• Groovy’s intersect DGM method had a different semantics to other languages when supplied with a projecting closure/comparator. Other languages often have a intersectBy method in this case rather than overloading the intersect operator like Groovy does. When no projecting function is in play, a.intersect(b) should always equal b.intersect(a). When a projecting function is in play, most languages define a.intersect(b) as the subset of elements from a which when projected match a projected value from b. So the resulting values are always drawn from a. The objects involved can be reversed to draw the elements from b. Groovy’s semantics used to be the reverse of most other languages but is now aligned. Some examples with the new behavior:

    def abs = { a, b -> a.abs() <=> b.abs() }
    assert [1, 2].intersect([-2, -3], abs) == [2]
    assert [-2, -3].intersect([1, 2], abs) == [-2]
    def round = { a, b -> a.round() <=> b.round() }
    assert [1.1, 2.2].intersect([2.5, 3.5], round) == [2.2]
    assert [2.5, 3.5].intersect([1.1, 2.2], round) == [2.5]

    Simply reverse the order of the objects to get the previous behavior, e.g. use foo.intersect(bar) instead of bar.intersect(foo). GROOVY-10275

  • There were some inconsistencies with JavaBean property naming conventions for various edge cases, e.g. for a field with a name being a single uppercase X and having a getX accessor, then the field was given priority over the accessor. GROOVY-9618

  • Numerous mostly internal data structure classes, e.g. AbstractConcurrentMapBase, AbstractConcurrentMap, ManagedConcurrentMap were deprecated and their usage replaced with better alternatives. This should be mostly invisible but some changes might impact users using internal Groovy classes directly. GROOVY-9631

  • We bumped our Picocli version. This resulted in minor formatting changes of some CLI help messages. We recommend not relying on the exact format of such messages. GROOVY-9627

  • We are currently attempting to improve how Groovy code accesses private fields in certain scenarios where such access is expected but problematic, e.g. within closure definitions where subclasses or inner classes are involved (GROOVY-5438). You may notice breakages in Groovy 4 code in such scenarios until this issue is progressed. As a workaround in the meantime, you may be able to use local variable outside a closure to reference the relevant fields and then reference those local variables in the closure.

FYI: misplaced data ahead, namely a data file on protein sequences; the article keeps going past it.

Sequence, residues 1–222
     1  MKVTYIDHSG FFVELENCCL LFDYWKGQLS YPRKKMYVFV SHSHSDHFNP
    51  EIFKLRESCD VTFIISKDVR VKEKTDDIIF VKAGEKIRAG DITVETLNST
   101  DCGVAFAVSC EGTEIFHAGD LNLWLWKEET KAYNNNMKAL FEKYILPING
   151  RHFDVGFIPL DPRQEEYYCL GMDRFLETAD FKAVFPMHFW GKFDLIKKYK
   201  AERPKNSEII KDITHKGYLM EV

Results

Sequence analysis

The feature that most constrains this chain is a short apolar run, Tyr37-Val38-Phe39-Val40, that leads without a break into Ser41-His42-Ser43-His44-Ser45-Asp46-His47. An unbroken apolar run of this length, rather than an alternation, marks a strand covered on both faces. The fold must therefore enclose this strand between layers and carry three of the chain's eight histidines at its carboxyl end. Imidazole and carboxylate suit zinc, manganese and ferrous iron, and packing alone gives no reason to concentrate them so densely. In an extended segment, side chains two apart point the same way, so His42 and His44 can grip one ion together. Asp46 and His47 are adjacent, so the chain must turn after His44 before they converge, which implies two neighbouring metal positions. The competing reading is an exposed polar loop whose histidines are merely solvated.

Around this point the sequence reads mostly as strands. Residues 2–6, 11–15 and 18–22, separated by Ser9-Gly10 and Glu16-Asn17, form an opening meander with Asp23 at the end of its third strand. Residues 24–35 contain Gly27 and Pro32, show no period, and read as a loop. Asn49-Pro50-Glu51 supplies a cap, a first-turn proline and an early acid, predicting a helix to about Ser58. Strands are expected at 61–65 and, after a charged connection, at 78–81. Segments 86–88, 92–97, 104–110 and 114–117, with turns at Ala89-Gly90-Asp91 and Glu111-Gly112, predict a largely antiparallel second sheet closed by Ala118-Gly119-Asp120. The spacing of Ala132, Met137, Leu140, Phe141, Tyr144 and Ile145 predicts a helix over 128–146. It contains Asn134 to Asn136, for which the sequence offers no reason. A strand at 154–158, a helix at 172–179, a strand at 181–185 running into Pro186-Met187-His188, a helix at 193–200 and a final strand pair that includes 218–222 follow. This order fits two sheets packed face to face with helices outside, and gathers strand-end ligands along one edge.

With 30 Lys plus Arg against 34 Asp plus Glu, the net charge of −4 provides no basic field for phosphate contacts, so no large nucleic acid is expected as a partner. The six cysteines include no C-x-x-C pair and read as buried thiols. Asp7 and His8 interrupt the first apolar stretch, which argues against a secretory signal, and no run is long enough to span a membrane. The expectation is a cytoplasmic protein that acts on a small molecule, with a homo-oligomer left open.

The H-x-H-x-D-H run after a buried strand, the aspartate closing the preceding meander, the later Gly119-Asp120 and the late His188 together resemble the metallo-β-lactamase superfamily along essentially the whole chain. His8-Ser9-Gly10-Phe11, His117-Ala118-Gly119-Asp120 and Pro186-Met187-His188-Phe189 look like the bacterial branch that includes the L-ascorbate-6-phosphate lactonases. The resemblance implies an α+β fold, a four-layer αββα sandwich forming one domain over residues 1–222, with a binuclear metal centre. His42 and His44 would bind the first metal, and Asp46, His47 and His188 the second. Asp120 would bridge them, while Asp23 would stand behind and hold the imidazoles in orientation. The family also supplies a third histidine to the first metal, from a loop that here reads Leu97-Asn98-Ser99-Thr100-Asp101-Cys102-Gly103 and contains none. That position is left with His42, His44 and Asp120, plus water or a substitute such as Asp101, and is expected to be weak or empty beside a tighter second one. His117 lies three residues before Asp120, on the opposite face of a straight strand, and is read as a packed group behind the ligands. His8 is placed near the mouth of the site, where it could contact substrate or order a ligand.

• Earlier Groovy versions unintentionally stored the constants -0.0f and -0.0d to be the same as 0.0f and 0.0d respectively. This only applied to explicit constants, i.e. it didn’t apply to calculations which resulted in positive or negative zero. This also meant that certain comparisons of positive and negative zero returned true in cases where they should have been different, and calling unique might have resulted in a set containing just positive zero instead of both positive and negative zero (the correct answer as per IEEE-745). Depending on whether you are using primitive or wrapper floating point variants, you may or may not be affected. Consider using equalsIgnoreZeroSign and the boolean ignoreZeroSign constructor variant to NumberAwareComparator if you are affected and desire the old behavior. These modifications have also been back-ported to Groovy 3, so consider using them in Groovy 3 code instead of relying on the old behavior so that your code can work correctly across versions. The fix itself hasn’t been back-ported to avoid breaking existing code relying on the unintended flawed behavior.
    Bug fix: GROOVY-9797